Vestas Replaces CEO With Runevad as Losses Widen
Vestas Wind Systems A/S (VWS), the Danish turbine maker that’s been unprofitable for two years, replaced its chief executive officer after a worse-than-expected loss.
Anders Runevad, from Ericsson AB, will take over on Sept. 1 from Ditlev Engel, who has been at Vestas since 2005, the turbine maker said. Its two-year turnaround program “continues according to plan” even as second-quarter margins narrowed. Vestas rose the most in three months in Copenhagen trading.
“It is now the appropriate time to make this change,” Chairman Bert Nordberg said today in a statement. “The company is now entering a new phase where we want to realize our growth potential. The restructuring program has resulted in a more competitive company.” Nordberg, who took up his post last year, was previously an employee of Ericsson’s former Sony Ericsson venture, where Runevad worked from 2006 through 2010.
Vestas, after eight quarters of losses, has just over four months to complete its program seeking to lower fixed costs by 400 million euros ($535 million), including a 30 percent cut in its staff to 16,000. The company lost 62 million euros in the second quarter, compared with the average estimate for a 9 million-euro loss among six analysts surveyed by Bloomberg.
It reported an 8 million-euro loss a year earlier.
Vestas closed up 5.4 percent at 109 kroner, the biggest gain in four weeks in Copenhagen trading. The price is still less than a sixth of the intraday record 700 kroner reached in 2008. Vestas revised earnings forecasts in 2010 and 2011 before renegotiating loan facilities last year.
The board agreed to replace Engel at a meeting yesterday, Nordberg said today on a call with journalists and analysts. Chief Financial Officer Marika Fredriksson will take charge of the business until Runevad assumes control on Sept. 1, he said.
“As the industry is maturing and the competition is becoming more and more intense, there is a need to ensure we have the right competences,” Chief Marketing Officer Morten Albaek said by phone. “There’s a difference in the business of wind in 2013 and the wind business five to 10 years ago.”
The company’s sales declined by 26 percent to 1.2 billion euros in the latest quarter, and the company had an operating margin of 1 percent. It revised a forecast of free cash flow for the year from “positive” to 200 million euros.
Orders rose 74 percent in the quarter to 1,641 megawatts, bringing the year’s total to 2,285 megawatts. The order backlog now totals 13 billion euros, including 5.9 billion euros in servicing contracts.
Wind turbine prices are “stabilizing,” Fredriksson said on the call. Vestas will take its “fair share” of orders in the U.S., where it sees a second-half pickup, Albaek said.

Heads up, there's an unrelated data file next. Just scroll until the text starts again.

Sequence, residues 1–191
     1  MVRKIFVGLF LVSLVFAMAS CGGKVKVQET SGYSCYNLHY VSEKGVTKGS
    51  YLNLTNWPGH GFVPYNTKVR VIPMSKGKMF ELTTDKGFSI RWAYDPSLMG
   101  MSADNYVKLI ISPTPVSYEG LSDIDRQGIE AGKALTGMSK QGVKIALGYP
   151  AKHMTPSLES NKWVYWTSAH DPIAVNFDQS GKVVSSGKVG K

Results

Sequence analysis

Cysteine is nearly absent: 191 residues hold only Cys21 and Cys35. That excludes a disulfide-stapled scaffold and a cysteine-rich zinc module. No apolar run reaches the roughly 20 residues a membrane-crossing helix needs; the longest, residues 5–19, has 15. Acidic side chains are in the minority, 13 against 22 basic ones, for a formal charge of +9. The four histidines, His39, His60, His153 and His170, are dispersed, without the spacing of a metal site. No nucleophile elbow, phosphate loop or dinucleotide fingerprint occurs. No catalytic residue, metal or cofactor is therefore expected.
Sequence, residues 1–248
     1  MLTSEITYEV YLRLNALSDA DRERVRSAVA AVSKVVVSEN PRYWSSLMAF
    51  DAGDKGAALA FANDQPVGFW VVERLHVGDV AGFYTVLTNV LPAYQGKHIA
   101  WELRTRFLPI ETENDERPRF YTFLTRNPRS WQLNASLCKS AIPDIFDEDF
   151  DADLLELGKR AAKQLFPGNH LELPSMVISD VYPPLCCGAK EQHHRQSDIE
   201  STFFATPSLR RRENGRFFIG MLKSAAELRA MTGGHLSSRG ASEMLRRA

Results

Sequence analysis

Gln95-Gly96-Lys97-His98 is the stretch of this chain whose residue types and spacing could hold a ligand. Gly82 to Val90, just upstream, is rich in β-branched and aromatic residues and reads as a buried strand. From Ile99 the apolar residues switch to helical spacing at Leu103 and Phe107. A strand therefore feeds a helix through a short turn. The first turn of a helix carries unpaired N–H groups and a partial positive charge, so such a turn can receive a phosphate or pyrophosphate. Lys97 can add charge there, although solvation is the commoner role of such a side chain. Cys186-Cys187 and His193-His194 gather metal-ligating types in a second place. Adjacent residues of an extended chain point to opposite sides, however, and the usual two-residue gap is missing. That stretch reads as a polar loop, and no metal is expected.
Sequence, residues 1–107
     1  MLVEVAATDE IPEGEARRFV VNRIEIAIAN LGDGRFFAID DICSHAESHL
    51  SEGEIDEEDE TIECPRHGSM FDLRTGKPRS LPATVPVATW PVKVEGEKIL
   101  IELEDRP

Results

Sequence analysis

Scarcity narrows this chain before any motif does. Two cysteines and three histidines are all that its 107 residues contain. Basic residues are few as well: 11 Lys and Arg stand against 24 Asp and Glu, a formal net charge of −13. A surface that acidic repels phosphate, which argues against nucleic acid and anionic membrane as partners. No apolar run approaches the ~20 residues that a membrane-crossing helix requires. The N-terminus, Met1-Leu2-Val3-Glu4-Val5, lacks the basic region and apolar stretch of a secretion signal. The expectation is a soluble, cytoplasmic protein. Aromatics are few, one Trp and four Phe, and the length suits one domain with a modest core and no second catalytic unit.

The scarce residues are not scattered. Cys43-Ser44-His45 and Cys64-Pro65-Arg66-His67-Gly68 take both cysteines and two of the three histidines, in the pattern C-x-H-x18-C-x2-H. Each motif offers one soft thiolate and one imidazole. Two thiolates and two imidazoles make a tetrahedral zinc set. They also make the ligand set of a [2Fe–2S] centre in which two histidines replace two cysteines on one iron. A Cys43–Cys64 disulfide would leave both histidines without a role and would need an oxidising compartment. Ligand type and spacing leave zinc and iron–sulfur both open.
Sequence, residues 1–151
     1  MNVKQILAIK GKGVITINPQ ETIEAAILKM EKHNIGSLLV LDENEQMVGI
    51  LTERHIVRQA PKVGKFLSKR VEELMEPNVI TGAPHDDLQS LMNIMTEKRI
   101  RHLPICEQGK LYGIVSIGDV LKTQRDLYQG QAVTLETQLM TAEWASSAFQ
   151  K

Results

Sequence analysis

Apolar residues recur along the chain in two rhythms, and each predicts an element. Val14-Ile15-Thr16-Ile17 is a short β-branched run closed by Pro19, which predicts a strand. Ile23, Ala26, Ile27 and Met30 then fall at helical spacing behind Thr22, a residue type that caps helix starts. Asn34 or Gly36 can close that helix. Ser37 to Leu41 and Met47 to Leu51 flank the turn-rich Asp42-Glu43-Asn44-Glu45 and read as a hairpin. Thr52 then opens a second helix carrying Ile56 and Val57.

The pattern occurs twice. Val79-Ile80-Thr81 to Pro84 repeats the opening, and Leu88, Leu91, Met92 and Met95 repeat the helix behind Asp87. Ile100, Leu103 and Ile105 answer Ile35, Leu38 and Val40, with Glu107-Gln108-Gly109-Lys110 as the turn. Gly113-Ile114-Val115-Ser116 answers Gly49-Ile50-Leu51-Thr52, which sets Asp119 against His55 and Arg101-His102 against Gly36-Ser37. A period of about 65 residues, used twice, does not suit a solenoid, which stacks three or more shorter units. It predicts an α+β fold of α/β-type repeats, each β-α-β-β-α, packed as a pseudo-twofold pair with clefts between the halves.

The U.S. market slowed after a tax credit was allowed to expire at the end of last year. While it was unexpectedly renewed on Jan. 1, developers had already rushed projects to completion, leaving fewer in the pipeline. The extended credit applies to new projects where construction has begun by Dec. 31.
Vestas no longer plans to sell a tower factory in Pueblo, Colorado, that it expects to operate at full capacity next year.
Machining and casting plants are still for sale, and the manufacturer lowered their valuation by 42 million euros following talks with potential buyers.
Development of the V164 8-megawatt offshore wind turbine is going according to plan, the company said. Nordberg declined to comment on discussions over a partnership with Mitsubishi Heavy Industries Ltd. (7011) that it announced in August 2012, beyond saying Vestas would release a statement should those talks end.
Europe’s turbine makers are recovering after overcapacity and growing competition crimped margins and eroded profits. Shares in Vestas, Gamesa Corp. Tecnologica SA and Nordex SE (NDX1) rebounded this year after they cut jobs and shut factories.
Now there is “clear long term value” in Vestas shares, Sean McLoughlin, a clean-energy analyst at HSBC Holdings Plc, said in a note to investors on July 30. “Vestas is ideally positioned to benefit from global wind demand growth.”
Vestas today retained full-year guidance for 2013 shipments of 4,000 megawatts to 5,000 megawatts, down from 6,200 megawatts in 2012. It maintained a forecast for a drop in revenue to 5.5 billion euros from 7.2 billion euros and sees a margin before interest, tax and special items of “at least” 1 percent.
The number of employees stands at 17,253, with more than 1,000 jobs still to be cut by the end of the year, it said.
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